Posts Tagged ‘Netherlands’

Total freedom… ‘Dam, this would never work in London

October 29, 2015
There's no limits.

There’s no limit.

A couple of weeks ago, to take a break from riding my bike, I travelled with Jen to a city that is synonymous with cycling. As first-time visitors to Amsterdam, we soon learned to walk in single file whenever a cyclist came towards us on one of the narrow paths by the canals. Here, the bike is king: cyclists aren’t bound by red lights, and every day we were doing the Tourist Safety Dance, stepping off the kerb and back on it again to avoid clusters of cyclists barrelling along the road, then repeating the steps a few times until there was a gap in the two-wheeled traffic big enough for us to reach the other side. We didn’t mind playing Frogger and it looked like no one else does either. Humans, unlike arcade amphibians, are natural adaptors. That’s why they’ve been around so long.

But bike culture, like any other type of culture, isn’t an exportable product that can be bundled on a plane and flown back to London. Almost every Amsterdammer rides shopping bikes, which means everyone travels at roughly the same speed, making it relatively simple for pedestrians to dodge them (even though they’re going somewhat faster than you might expect a clunky sit-up-and-beg to move). I think the speeds of London’s cyclists are simply too varied for this Amsterdanarchy to work.

Indeed, the Dutch capital is a million miles from the world of Britain’s serious recreational cyclist. I could count the number of drop handlebars we saw on the fingers of one hand, and a large newsagent we stumbled upon which stocked a considerable selection of magazines from every consumer sector you can think of – home and garden, music, video games, children’s titles, you name it – had only a tiny selection of titles covering cycle sport.

Riding a bike in London is an act of rejecting the limits placed on your movement by motor traffic and, to a lesser extent, public transport. It is expressive, individualistic, maybe even (in the most antisocial cases) transgressive. In Amsterdam, where I saw a beaming little girl perched on the front of her dad’s bike as we walked to the Hermitage museum, cycling is a shared culture. To get to that point, London cyclists would need to compromise the way they ride, which would be a change more significant than any road-building, law-changing or investment in infrastructure. Would we ever be prepared to make that leap?    

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The DYNAMITE! Five: The week in cycling, remixed. Issue #6

May 13, 2011

5 UP Alessandro Petacchi
Sound the conspiracy theory klaxon! The Giro d’Italia’s commissaires ruled in favour of their countryman Alessandro Petacchi on Sunday, even though the ageing fastman clearly weaved around like an inebriated pensioner for the final 200 metres of the second stage to edge out an irate Mark Cavendish. It’s their national race, so it stands to reason that them Italians would show no sympathy towards a foreigner, yeah? Well, not quite: leafing through The DYNAMITE! Files’ bumper book of bike facts, it seems Paolo Bettini was disqualified in similar circumstances at the 2005 Giro, although on that occasion the English-speaking sprint rival – Baden Cooke – actually ended up going ‘a’ over ‘t’. Well, Cav, if that’s what it takes for the race officials to make the right decision…

4 DOWN The Associated Press
Sound the conspiracy theory klaxon again! But a bit louder this time! The Associated Press reported on Tuesday that the federal investigation into alleged doping carried out by Lance Armstrong’s US Postal team has uncovered “corruption to the core”. But don’t get too excited just yet: AP’s source is “a person familiar with the investigation”, which sounds like it could be any of us, depending on how you define “familiar”. Still, at least the news agency has uncovered a mystery that has long perplexed some of its more unintelligent American readers: apparently it was “in France where Armstrong became famous by winning the Tour de France seven straight times”. So that’s how the race got its name!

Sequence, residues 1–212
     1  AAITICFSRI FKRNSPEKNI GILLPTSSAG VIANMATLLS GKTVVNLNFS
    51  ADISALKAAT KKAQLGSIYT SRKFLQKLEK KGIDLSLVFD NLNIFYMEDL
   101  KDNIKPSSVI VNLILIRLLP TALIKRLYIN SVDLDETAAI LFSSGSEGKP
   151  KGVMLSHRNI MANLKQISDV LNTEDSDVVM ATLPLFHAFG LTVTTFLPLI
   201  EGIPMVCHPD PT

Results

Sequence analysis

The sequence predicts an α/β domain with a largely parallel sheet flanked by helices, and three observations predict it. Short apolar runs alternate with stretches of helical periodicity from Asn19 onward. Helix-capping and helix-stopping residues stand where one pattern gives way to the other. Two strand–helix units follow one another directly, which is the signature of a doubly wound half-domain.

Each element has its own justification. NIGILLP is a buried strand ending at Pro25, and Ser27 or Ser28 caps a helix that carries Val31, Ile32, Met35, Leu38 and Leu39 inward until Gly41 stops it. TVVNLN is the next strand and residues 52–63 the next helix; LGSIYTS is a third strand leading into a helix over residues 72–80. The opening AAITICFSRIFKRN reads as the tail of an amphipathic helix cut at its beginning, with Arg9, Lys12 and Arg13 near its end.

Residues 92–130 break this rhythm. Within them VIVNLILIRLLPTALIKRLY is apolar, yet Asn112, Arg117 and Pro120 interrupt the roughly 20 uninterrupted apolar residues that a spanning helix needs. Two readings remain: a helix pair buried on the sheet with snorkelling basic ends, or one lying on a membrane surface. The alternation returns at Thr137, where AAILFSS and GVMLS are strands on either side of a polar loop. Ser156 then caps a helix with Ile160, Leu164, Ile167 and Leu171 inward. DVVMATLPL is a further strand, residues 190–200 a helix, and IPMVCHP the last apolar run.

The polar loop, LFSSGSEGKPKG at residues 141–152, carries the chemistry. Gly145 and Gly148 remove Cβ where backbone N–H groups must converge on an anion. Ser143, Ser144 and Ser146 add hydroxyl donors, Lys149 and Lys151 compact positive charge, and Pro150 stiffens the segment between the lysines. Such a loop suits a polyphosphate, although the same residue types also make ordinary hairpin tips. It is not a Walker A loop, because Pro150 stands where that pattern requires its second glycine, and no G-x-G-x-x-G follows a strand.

3 UP Caravans
And speaking of mysteries, The DYNAMITE! Files was left to ponder the possible purpose of a scruffy caravan which we spotted parked next to the VIP entrance of the Manchester Velodrome on Saturday evening. It must be there for a reason, because British track cycling is all about the aggregation of marginal gains, isn’t it? Our theory: when the pressure of all that aggregating gets too much, this is where Dave Brailsford goes for a bit of “me” time. With his spreadsheets and cocoa. And a clipboard.

2 DOWN Boris Johnson
Securing his record third appearance in our weekly rundown, Boris Johnson turned up half an hour late at a Hillingdon school for the launch of the latest Sky Ride cycling event because he, er, choose to take the tube instead of using his bike. Maybe the Mayor of London was afraid of getting a flat. The Uxbridge Gazette revealed: “A few of the children showed the mayor how to find and fix a puncture in an inner tube. Charlotte Masters, aged nine, said: ‘I think he understood it.'” Let’s hope so, eh?

1 UP Doutzen Kroes
After this week’s tragic events, the Giro needed some sort of light-hearted moment to soften the mood – and Cycling Weekly duly obliged yesterday with the romantic tale of the underwear model and the professional cyclist. If CW is to be believed, blonde hottie Doutzen Kroes and race leader Pieter Weening could soon be an item, chiefly because the two of them hail from the same Dutch city and she tweeted the word “lokwinske” – which apparently means “congratulations” in their native tongue. Now, the DYNAMITE! Files is a big fan of the whole romantical-getting-together thing, but is one word tweeted to a third party ample grounds to conclude that she’s likely to call him? Remember, CW: if poor Pieter’s heart gets broken, you will be the ones to blame.